Feds Waive Environmental Rules for New Border Fence

  • Published on April 3rd, 2008

Ecosystem will be severely fragmented by fence

U.S. - Mexico border, fence, wildlife habitat

The Bush administration has announced it will wave more than thirty federal laws to finish building a wall along the Mexican border by the end of this year. The Washington Post calls the move the most sweeping use of the administration’s waiver authority during the wall’s construction. The waivers allow the Bush administration to bypass mandatory reviews on how the wall will affect ecological areas in California, Arizona, New Mexico and Texas. House Homeland Security Committee chair Bennie Thompson called the waiver “an extreme abuse of authority.”

Environmental groups have filed petitions challenging the waivers before the Supreme Court siting several potential ecological hazards that would be created by the fence. Biologists are especially concerned about a handful of extremely rare jaguars that prowl up from Mexico over mountain trails in some of the wildest country in the southwest.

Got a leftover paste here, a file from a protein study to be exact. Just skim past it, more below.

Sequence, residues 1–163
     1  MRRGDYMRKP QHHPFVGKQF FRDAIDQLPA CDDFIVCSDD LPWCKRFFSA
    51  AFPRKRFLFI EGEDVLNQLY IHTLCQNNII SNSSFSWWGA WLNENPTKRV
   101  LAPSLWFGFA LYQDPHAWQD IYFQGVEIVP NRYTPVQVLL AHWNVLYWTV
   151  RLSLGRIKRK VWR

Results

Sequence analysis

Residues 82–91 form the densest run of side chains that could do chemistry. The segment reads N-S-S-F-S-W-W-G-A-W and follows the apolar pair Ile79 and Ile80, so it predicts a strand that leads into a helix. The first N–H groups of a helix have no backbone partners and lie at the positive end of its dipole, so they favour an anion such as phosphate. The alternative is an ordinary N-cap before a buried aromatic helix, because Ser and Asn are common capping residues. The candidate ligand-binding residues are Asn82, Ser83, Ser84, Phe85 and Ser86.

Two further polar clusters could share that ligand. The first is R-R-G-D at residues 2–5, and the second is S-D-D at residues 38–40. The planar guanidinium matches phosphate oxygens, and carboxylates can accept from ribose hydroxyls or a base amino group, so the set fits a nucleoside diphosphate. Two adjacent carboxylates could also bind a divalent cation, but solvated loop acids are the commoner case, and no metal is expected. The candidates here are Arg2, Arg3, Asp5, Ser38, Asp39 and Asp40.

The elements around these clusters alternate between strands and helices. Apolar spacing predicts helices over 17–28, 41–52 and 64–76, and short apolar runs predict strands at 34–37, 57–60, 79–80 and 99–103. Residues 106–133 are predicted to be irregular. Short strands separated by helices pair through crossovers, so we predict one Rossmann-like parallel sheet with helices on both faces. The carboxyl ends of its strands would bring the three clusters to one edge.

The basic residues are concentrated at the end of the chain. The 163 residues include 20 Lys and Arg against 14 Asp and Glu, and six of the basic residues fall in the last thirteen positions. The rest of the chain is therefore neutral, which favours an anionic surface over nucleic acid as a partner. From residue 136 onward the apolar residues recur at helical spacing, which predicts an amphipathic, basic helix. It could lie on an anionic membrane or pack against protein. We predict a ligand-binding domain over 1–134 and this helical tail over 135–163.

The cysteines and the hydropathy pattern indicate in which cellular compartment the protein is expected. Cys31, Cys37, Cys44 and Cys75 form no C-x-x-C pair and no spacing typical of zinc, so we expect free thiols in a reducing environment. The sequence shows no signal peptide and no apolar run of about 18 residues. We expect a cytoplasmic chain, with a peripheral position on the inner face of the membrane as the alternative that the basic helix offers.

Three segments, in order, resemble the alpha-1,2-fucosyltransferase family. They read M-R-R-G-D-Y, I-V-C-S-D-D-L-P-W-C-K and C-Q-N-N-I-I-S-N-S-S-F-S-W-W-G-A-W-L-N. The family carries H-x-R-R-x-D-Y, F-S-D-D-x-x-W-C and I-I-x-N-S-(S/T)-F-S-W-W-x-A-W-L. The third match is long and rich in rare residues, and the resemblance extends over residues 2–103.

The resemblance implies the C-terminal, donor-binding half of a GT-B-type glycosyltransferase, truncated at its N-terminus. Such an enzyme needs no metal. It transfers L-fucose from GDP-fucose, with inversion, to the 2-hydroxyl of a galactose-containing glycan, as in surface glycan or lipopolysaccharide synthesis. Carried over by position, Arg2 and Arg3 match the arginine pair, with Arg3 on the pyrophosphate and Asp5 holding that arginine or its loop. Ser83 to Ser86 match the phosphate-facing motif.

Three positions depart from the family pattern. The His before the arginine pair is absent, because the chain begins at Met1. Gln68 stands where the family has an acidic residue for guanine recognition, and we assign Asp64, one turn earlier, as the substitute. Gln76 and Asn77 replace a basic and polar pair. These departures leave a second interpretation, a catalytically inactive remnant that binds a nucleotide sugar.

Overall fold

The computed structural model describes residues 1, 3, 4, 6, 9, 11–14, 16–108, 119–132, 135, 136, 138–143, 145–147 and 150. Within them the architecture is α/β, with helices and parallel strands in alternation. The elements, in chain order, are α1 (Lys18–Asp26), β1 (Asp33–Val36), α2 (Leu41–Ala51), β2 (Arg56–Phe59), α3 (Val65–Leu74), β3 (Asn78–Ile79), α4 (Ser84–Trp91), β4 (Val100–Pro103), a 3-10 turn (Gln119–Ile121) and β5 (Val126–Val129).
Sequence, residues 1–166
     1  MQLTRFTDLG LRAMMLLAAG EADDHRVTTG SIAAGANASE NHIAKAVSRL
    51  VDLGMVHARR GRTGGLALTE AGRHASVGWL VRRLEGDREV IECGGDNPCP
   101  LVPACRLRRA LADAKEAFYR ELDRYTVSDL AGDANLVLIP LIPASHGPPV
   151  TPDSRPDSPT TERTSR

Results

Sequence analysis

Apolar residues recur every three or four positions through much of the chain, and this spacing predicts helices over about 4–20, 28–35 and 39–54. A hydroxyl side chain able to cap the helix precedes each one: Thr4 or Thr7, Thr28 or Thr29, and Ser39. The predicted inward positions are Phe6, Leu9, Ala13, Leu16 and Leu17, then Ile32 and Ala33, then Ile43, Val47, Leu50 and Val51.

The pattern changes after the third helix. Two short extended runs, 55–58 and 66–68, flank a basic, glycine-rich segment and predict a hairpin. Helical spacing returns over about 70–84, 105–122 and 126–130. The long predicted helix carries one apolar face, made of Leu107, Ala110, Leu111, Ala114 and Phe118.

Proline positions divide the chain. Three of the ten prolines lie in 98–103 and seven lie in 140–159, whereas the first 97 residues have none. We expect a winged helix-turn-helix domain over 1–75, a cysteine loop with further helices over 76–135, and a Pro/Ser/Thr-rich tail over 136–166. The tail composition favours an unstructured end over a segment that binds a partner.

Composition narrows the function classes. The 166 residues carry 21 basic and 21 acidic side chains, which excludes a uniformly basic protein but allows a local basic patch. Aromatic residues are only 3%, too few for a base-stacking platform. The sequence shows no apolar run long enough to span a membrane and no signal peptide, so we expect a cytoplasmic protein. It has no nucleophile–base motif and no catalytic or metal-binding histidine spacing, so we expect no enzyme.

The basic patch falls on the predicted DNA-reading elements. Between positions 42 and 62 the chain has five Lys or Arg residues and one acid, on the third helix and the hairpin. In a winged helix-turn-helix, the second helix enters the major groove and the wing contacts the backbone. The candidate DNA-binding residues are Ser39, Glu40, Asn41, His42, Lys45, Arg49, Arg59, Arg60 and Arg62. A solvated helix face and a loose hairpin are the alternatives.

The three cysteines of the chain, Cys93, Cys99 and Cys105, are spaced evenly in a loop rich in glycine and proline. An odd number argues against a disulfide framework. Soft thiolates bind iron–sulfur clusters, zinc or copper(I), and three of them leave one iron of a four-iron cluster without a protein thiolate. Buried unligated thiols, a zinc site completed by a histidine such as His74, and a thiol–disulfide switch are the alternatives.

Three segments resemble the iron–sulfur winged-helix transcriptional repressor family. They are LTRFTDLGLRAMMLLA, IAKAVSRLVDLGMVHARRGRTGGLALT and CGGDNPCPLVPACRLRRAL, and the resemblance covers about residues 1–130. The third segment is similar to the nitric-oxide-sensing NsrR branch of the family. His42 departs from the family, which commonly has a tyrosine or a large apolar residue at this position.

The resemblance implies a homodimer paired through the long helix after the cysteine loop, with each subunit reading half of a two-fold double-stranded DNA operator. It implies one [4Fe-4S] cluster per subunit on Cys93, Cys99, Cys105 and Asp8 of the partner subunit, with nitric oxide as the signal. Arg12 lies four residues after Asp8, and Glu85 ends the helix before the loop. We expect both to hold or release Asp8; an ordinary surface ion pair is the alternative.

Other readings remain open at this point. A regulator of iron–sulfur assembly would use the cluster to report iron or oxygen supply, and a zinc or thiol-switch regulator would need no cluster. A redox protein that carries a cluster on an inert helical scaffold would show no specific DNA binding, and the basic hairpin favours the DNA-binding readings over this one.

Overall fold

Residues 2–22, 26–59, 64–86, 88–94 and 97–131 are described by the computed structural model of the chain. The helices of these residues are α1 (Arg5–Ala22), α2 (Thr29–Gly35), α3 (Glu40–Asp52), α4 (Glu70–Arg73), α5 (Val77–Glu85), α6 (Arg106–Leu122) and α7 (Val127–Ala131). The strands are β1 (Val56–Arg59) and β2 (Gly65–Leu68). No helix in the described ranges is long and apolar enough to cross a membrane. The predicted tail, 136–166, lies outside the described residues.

Homeland Security Secretary Michael Chertoff issued two waivers covering 470 miles of the border from California to Texas where the department plants to build fencing into a flood-control levee in a wildlife refuge. In a statement issued on Tuesday, Chertoff warned, “Criminal activity at the border does not stop for endless debate or protracted litigation.”

Like it or not, what Secretary Chertoff refers to as, “endless debate” and “protracted litigation,” have become central components of our democratic system. Issuing a waiver of environmental impact studies for a controversial border fence threatens the very underpinnings of our democratic processes and sets a very dangerous precedent for future incursions. Slippery slope anyone?

Photo: Daquella Manera

About the Author

is the founder of ecopolitology and the executive editor at LiveOAK Media, a media network about the politics of energy and the environment, green business, cleantech, and green living. When not reading, writing, thinking or talking about environmental politics with anyone who will listen, Tim spends his time skiing in Colorado's high country, hiking with his dog, and getting dirty in his vegetable garden.


  • Why don’t the fence makers design the fences with hinged tops so that it collapses when trying to climb, but wouldn’t hurt anyone. Also maybe a top curved toward the Mexico side, which would make it very difficult to hold on to. The way it is now, they can just climb right over.

  • Obeying the law is not voluntary, it is mandatory, and Secretary Chertoff cannot claim that he is sweeping aside a host of laws on the border in defense of immigration laws. In a nation of laws all laws must be respected, not just those that are convenient.